But it is further insisted that the treaty of 1803, between the United States and France, by which this territory was acquired, has so restrained the constitutional powers of Congress, that it cannot, by law, prohibit the introduction of slavery into that part of this territory north and west of Missouri, and north of thirty-six degrees thirty minutes north latitude.

By a treaty with a foreign nation, the United States may rightfully stipulate that the Congress will or will not exercise its legislative power in some particular manner, on some particular subject. Such promises, when made, should be voluntarily kept, with the most scrupulous good faith. But that a treaty with a foreign nation can deprive the Congress of any part of the legislative power conferred by the people, so that it no longer can legislate as it was empowered by the Constitution to do, I more than doubt.

The powers of the Government do and must remain unimpaired. The responsibility of the Government to a foreign nation, for the exercise of those powers, is quite another matter. That responsibility is to be met, and justified to the foreign nation, according to the requirements of the rules of public law; but never upon the assumption that the United States had parted with or restricted any power of acting according to its own free will, governed solely by its own appreciation of its duty.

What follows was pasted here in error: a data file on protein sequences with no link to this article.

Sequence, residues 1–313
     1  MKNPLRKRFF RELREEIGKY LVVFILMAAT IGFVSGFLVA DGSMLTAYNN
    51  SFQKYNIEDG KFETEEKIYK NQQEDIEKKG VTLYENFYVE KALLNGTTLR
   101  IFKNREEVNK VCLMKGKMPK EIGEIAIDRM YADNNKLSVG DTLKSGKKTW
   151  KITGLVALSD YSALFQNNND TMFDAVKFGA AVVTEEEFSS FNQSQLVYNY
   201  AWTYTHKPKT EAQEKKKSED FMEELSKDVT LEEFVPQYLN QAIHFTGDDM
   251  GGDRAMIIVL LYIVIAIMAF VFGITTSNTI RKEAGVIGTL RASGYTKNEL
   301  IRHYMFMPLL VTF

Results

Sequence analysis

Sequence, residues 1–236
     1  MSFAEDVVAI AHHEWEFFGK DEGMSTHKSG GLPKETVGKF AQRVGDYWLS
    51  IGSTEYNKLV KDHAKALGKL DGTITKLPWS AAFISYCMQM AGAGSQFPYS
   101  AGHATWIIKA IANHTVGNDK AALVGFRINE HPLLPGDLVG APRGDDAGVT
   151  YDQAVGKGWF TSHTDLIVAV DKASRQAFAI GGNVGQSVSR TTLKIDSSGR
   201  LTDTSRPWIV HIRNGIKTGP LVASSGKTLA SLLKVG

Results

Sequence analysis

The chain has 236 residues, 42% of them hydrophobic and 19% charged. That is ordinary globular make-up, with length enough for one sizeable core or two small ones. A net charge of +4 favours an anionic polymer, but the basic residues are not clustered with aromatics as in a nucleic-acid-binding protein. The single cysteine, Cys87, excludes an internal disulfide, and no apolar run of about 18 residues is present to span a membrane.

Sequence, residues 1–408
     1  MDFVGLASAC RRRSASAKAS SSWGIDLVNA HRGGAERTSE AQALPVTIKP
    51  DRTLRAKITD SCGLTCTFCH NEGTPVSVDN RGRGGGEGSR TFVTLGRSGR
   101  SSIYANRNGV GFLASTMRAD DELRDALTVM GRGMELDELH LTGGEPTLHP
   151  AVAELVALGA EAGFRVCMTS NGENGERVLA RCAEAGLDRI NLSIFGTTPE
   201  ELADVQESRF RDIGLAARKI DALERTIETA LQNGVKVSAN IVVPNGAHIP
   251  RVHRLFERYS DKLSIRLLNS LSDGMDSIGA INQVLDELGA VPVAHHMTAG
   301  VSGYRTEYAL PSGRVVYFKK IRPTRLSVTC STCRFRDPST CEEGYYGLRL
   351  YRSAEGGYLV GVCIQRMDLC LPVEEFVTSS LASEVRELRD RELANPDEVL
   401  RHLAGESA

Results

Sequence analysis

The second section of the fourth article is, "This Constitution, and the laws of the United States which shall be made in pursuance thereof, and all treaties made or which shall be made under the authority of the United States, shall be the supreme law of the land." This has made treaties part of our municipal law; but it has not assigned to them any particular degree of authority, nor declared that laws so enacted shall be irrepealable. No supremacy is assigned to treaties over acts of Congress. That they are not perpetual, and must be in some way repealable, all will agree.

If the President and the Senate alone possess the power to repeal or modify a law found in a treaty, inasmuch as they can change or abrogate one treaty only by making another inconsistent with the first, the Government of the United States could not act at all, to that effect, without the consent of some foreign Government. I do not consider, I am not aware it has ever been considered, that the Constitution has placed our country in this helpless condition. The action of Congress in repealing the treaties with France by the act of July 7th, 1798, (1 Stat. at Large, 578,) was in conformity with these views. In the case of Taylor et al. v. Morton, (2 Curtis's Cir. Ct. R., 454,) I had occasion to consider this subject, and I adhere to the views there expressed.